INDIGENOUS PEOPLES SOLIDARITY: “We are here for the water” Anishinaabe Water Walk against EnergyEast

CPTnet
25 August 2015
INDIGENOUS PEOPLES SOLIDARITY: “We are here for the water” Anishinaabe Water Walk against EnergyEast

by Madeleine Sutherland

Sutherland is a biochemistry student at Smith College and completing a Praxis internship with CPT’s Indigenous Peoples Solidarity Team.

From 2-7 August, over forty members from surrounding Anishinaabe communities walked along 125 km of TransCanada’s proposed Energy East bitumen pipeline route.  Allies, including three members of CPT, came to walk and offer support wherever needed.  This direct action, organized by the Grassroots Indigenous Water Defence (GIWD), included children, mothers and grandmothers who all came to protect clean water for the generations to come.

The proposed Energy East Pipeline would transport heavy bitumen (tarsands oil) 4600 km from Alberta and Saskatchewan to Eastern Canada, repurposing a 40 year-old natural gas pipeline.  A similar pipeline ruptured in the Kalamazoo River in 2010 with the spill stretching for thirty-eight miles. Serious environmental concerns regarding pipeline safety have been heightened by the recent leakage of 5 million litres of bitumen from the Nexen Energy pipeline south of Fort McMurray, AB.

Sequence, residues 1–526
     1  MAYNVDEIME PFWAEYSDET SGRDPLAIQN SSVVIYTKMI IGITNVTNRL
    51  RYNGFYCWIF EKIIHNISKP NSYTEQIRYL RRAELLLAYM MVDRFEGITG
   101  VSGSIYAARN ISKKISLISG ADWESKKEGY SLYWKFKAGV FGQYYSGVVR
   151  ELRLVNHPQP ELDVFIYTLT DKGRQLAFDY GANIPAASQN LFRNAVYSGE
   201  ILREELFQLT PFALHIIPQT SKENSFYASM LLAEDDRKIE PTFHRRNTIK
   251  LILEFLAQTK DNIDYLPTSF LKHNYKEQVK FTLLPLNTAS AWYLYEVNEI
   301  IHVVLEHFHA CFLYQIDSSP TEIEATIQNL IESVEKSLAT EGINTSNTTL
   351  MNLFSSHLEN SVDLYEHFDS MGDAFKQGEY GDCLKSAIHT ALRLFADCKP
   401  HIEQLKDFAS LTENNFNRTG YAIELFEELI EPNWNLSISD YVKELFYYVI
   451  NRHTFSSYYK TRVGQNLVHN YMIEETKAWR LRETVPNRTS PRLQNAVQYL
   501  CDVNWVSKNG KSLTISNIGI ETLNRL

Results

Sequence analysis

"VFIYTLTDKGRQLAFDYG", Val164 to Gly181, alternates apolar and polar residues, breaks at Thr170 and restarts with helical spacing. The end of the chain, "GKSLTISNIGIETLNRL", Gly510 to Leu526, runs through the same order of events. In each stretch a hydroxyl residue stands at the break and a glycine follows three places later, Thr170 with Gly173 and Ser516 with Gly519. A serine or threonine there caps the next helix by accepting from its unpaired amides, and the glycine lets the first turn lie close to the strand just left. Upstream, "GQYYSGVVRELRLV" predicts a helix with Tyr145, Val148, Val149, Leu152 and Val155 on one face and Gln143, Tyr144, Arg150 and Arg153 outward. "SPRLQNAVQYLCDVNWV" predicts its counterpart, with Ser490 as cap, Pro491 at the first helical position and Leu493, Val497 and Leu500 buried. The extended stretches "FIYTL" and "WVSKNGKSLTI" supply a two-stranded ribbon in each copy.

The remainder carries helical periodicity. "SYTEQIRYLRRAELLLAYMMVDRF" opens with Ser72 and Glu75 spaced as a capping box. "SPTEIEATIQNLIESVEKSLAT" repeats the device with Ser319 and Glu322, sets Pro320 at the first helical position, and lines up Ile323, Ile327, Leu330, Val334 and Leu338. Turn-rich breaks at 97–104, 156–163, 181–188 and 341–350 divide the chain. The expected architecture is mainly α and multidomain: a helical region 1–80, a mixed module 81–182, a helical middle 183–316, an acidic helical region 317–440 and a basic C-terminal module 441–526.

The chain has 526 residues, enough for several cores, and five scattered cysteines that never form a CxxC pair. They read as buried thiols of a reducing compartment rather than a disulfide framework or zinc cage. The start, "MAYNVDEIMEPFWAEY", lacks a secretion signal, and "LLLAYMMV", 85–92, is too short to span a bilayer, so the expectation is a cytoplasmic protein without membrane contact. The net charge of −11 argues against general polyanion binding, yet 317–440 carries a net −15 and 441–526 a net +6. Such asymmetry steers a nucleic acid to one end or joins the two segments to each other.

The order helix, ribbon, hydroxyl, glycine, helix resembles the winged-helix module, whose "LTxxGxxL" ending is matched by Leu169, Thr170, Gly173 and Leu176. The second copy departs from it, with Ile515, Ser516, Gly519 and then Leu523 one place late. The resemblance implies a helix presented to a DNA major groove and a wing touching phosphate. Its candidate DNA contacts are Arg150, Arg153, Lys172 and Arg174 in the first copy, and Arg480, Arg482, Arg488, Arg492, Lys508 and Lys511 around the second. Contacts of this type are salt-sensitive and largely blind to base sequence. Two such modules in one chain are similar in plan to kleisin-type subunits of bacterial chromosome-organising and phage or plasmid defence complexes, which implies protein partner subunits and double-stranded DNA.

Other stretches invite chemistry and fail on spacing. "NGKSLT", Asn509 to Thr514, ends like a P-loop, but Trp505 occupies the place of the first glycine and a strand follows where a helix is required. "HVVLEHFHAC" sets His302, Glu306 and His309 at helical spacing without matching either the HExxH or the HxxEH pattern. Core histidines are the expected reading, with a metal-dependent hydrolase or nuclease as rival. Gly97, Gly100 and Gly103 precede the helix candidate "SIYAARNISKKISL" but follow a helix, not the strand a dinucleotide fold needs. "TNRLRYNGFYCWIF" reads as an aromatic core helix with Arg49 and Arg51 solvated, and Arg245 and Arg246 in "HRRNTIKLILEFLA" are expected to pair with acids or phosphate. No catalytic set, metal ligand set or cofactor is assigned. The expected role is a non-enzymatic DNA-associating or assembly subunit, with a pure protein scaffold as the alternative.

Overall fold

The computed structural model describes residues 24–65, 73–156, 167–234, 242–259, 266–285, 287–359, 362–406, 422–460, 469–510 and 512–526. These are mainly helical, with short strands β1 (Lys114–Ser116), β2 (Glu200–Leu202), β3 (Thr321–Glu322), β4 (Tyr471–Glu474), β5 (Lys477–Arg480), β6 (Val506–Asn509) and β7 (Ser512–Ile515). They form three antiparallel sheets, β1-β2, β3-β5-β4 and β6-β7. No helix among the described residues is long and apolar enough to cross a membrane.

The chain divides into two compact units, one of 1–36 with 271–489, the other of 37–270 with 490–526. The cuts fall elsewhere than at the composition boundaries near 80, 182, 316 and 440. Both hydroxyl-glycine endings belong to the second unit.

Walkers emphasized that they came to protect the water for all the generations to come. Chrissy Swain of Grassy Narrows First Nation said, “It's my responsibility also as an Anishinaabe woman to protect that water for my children so that they can have life too.” Doreen Skead, an elder on the Walk, similarly responded, "I committed myself to walking because I am a mother, grandmother and I will be a great grandmother. I decided that I would do this walk to make people aware that our water is scarce, getting polluted and destroyed.”

Many young people and children came to walk as well, showing resilience and a strong commitment to this important work.  Alexa Lesperance of Naotkamegwanning First Nation and Youth Facilitator (NYSHN), remarked that the Water Walk is an extension of rights of passage that involve giving young people roles and responsibilities.  Edmund Jack, walker and founding member of Grassy Narrows Youth Organization, pointed out, “All people across Turtle Island, from all walks of life need to realize that our water is at risk from industry like this pipeline.”

 On this Walk, CPTers strengthened connections and made new friendships as well. As a press release from the Water Walk emphasized, supporting indigenous voices is one of the best ways to reverse Canada’s backward environmental policies. Indeed, it is through ongoing support of Indigenous peoples’ sovereignty over their land and the growing opposition to Energy East in Treaty 3 territory that, together, we can protect water essential for future generations.

For a video/audio/pictorial account of the walk on Storify, check out Water Walk : Anishinaabe Resistance Against Energy East